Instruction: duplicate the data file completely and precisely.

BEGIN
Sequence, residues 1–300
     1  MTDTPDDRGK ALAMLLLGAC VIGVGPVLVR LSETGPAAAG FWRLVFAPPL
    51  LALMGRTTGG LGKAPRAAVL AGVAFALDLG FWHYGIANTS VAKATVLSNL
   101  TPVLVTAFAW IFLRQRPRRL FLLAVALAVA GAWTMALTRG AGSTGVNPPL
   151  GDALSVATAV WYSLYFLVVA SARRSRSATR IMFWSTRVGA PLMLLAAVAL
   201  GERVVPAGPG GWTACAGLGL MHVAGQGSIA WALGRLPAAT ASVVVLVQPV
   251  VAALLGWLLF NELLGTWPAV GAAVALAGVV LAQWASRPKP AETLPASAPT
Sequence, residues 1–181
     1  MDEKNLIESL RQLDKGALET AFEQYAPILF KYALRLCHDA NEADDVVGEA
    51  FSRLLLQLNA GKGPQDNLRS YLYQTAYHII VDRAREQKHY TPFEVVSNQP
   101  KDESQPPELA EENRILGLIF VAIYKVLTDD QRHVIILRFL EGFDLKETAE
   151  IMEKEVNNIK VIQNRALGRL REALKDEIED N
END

Sequence, residues 1–300
     1  MTDTPDDRGK ALAMLLLGAC VIGVGPVLVR LSETGPAAAG FWRLVFAPPL
    51  LALMGRTTGG LGKAPRAAVL AGVAFALDLG FWHYGIANTS VAKATVLSNL
   101  TPVLVTAFAW IFLRQRPRRL FLLAVALAVA GAWTMALTRG AGSTGVNPPL
   151  GDALSVATAV WYSLYFLVVA SARRSRSATR IMFWSTRVGA PLMLLAAVAL
   201  GERVVPAGPG GWTACAGLGL MHVAGQGSIA WALGRLPAAT ASVVVLVQPV
   251  VAALLGWLLF NELLGTWPAV GAAVALAGVV LAQWASRPKP AETLPASAPT
Sequence, residues 1–181
     1  MDEKNLIESL RQLDKGALET AFEQYAPILF KYALRLCHDA NEADDVVGEA
    51  FSRLLLQLNA GKGPQDNLRS YLYQTAYHII VDRAREQKHY TPFEVVSNQP
   101  KDESQPPELA EENRILGLIF VAIYKVLTDD QRHVIILRFL EGFDLKETAE
   151  IMEKEVNNIK VIQNRALGRL REALKDEIED N